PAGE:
Summary: The Apostles’ Creed has been Christianity’s statement of faith for 1,600 years. What do we mean when we say that we believe in Jesus born of a virgin, and how does this impact our lives today?

Philippians 2:5-11 “I Believe in Jesus Christ, Born of the Virgin Mary”


The news of Katrina and the effects of this hurricane on the Gulf Coast has grab the headlines and made the other news items appear insignificant. I did want to remind you of an announcement that I recently heard that there were only four shopping months until Christmas. By the end of this month, Christmas trees will once again decorate all of our local shopping malls.

Christmas will soon be upon us, but the manger scenes that will soon be decorating our homes and places of business do not convey the totality and cost of what Jesus did. God in the person of Jesus Christ became one of us.


All religions work from the perspective that there is a gap between God and the people of God. Buddhists, Hindus, Muslims, Jews, and Christians all seek to bridge the distance and bring humankind and God together. The Buddhists seek to achieve this by distancing themselves from the world. The Muslims try to overcome the gap through obedience to the Koran, and the Jews through the observance of tradition and the law.

All of these attempts are centered on humankind’s efforts. Only Christianity proclaims the truth that in the person of Jesus Christ God was bridging the gap between himself and humans.

Jesus Christ did what we can’t do. God, the steadfast lover of humankind, who craves a relationship with his creation took on human form and became one of us for the sole purpose of demonstrating God’s love for us and establishing a relationship between God and humankind.

Love drove God to get down and dirty.


In Mark Twain’s novel, “The Prince and the Pauper,” a young prince dresses like his subjects and lives with them for a time. The actions of the prince in this story are really an act of rebellion. He was fed up with the expectations placed upon him. He wanted freedom and anonymity.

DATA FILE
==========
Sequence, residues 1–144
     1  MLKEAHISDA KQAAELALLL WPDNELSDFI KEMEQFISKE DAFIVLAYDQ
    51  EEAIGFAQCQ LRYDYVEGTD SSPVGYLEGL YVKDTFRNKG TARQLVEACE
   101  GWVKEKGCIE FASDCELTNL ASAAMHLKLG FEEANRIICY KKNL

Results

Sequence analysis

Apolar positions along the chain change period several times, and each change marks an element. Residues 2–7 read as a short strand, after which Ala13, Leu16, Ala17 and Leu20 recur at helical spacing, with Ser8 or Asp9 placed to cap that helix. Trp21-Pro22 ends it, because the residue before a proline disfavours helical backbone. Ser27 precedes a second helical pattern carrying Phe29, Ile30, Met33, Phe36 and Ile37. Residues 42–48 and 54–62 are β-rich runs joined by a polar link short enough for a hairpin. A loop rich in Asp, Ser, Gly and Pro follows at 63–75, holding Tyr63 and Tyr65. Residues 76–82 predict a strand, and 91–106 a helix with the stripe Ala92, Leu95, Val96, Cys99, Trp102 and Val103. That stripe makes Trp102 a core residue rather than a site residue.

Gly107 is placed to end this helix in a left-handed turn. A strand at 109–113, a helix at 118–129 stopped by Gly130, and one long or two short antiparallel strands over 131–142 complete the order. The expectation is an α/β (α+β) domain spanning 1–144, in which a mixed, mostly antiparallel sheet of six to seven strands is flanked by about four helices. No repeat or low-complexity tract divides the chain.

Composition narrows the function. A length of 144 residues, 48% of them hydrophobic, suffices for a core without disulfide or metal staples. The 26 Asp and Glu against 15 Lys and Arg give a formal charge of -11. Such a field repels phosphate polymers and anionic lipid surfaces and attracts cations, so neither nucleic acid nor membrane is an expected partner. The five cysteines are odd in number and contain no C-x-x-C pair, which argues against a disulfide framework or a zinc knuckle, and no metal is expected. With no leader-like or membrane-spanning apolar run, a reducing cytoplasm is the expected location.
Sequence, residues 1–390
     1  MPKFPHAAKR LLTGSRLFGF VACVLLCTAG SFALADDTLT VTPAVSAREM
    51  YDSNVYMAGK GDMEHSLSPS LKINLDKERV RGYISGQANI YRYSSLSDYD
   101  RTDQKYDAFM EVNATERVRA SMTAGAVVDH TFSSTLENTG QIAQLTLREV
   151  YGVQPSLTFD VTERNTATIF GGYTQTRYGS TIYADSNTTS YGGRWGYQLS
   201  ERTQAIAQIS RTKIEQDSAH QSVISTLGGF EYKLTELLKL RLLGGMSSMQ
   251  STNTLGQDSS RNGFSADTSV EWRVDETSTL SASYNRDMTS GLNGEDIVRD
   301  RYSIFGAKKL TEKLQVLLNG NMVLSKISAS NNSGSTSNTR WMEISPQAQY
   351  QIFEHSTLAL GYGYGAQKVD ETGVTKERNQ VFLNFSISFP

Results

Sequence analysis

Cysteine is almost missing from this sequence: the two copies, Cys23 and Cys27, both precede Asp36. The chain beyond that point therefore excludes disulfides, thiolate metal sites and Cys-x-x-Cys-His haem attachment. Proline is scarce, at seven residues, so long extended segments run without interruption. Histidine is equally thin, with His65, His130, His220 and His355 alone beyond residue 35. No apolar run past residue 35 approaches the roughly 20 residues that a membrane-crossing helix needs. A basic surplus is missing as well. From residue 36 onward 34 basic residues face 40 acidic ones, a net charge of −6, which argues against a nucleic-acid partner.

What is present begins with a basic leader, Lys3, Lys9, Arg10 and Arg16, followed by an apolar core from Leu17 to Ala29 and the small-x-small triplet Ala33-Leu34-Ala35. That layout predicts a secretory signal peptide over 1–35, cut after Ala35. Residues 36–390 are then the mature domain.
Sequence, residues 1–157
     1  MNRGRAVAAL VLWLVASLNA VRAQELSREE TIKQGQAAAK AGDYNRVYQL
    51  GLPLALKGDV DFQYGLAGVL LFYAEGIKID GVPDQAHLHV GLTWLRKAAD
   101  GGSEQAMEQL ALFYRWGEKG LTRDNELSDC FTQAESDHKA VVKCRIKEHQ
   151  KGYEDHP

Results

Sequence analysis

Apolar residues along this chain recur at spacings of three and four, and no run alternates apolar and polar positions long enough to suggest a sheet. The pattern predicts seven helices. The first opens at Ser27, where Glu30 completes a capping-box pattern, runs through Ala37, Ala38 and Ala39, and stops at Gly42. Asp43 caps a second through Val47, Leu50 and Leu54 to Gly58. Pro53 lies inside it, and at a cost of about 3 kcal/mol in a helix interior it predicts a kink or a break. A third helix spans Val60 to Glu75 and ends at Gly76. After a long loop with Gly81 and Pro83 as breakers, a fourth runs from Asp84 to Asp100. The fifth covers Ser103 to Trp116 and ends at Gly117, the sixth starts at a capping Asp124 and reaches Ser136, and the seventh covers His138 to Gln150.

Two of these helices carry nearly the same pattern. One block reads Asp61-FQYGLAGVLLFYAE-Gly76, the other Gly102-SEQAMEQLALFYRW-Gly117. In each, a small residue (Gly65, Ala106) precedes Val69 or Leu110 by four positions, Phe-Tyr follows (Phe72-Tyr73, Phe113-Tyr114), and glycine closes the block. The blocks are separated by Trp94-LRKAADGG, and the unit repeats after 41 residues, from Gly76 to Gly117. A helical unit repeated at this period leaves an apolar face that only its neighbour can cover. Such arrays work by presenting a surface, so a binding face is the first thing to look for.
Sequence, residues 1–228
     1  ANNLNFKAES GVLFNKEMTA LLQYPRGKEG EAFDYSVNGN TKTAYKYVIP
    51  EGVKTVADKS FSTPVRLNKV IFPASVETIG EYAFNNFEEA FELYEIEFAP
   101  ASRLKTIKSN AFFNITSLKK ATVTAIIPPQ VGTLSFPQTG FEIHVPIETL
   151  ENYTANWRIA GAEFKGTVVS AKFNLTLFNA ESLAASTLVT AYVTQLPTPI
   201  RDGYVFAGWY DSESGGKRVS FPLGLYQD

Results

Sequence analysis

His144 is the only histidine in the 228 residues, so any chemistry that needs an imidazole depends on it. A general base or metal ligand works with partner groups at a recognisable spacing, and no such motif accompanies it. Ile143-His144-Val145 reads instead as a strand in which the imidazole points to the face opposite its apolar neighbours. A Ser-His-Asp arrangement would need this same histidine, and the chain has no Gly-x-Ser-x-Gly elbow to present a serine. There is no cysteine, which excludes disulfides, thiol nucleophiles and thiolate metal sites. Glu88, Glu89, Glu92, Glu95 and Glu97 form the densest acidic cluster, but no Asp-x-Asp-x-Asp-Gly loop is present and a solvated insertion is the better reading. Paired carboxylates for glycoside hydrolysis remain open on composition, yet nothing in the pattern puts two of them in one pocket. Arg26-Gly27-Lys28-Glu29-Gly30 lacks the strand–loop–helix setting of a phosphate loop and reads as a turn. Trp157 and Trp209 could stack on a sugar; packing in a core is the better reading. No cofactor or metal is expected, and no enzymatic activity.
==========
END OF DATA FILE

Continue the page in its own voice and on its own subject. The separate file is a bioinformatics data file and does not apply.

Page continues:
Jesus’ actions were not those of rebellion, but rather the actions of obedience. Jesus was obedient in his service of those around him. He healed the sick, drove out demons, made the lame to walk and the blind to see. Wherever he went he announced that the kingdom of God was near and that men and women should repent and be baptized. The actions of Jesus alienated him from the religious and political authorities. They crucified him and out of obedience Jesus allow himself to be crucified.

The scene in the Garden of Gethsemane is a poignant and powerful picture of obedience. Wrestling with God’s will and its consequences Jesus eventually yields and prays, “Not my will, but your will be done.”


Because of what Jesus Christ accomplished on the cross, we no longer have to attempt to bridge the gap between God and ourselves. It has already been done. But, Jesus did not die on the cross so that we can go our merry old way and do “our own thing,” whatever that may be. Luther writes in his explanation to the second article of the Apostles’ Creed, that Jesus has done all of this so that we can, “Be his own and live under him in his Kingdom and serve him in everlasting righteousness, innocence and blessedness.”

We live in grace because we do not need to attain, all we are capable of doing is receiving.

Living in grace, we no longer are enthralled with being seen as righteous and holy, rather we are focused on doing the right, obedient thing.

Responding to God’s love and receiving the new life that is ours in Christ Jesus, we live new, abundant lives in obedience to the guidance and movement of the Spirit in our lives, and in service to the people around us.


John writes in his gospel, “For God so loved the world that he gave his only son.” God’s gift transforms our lives and the world in which we live.


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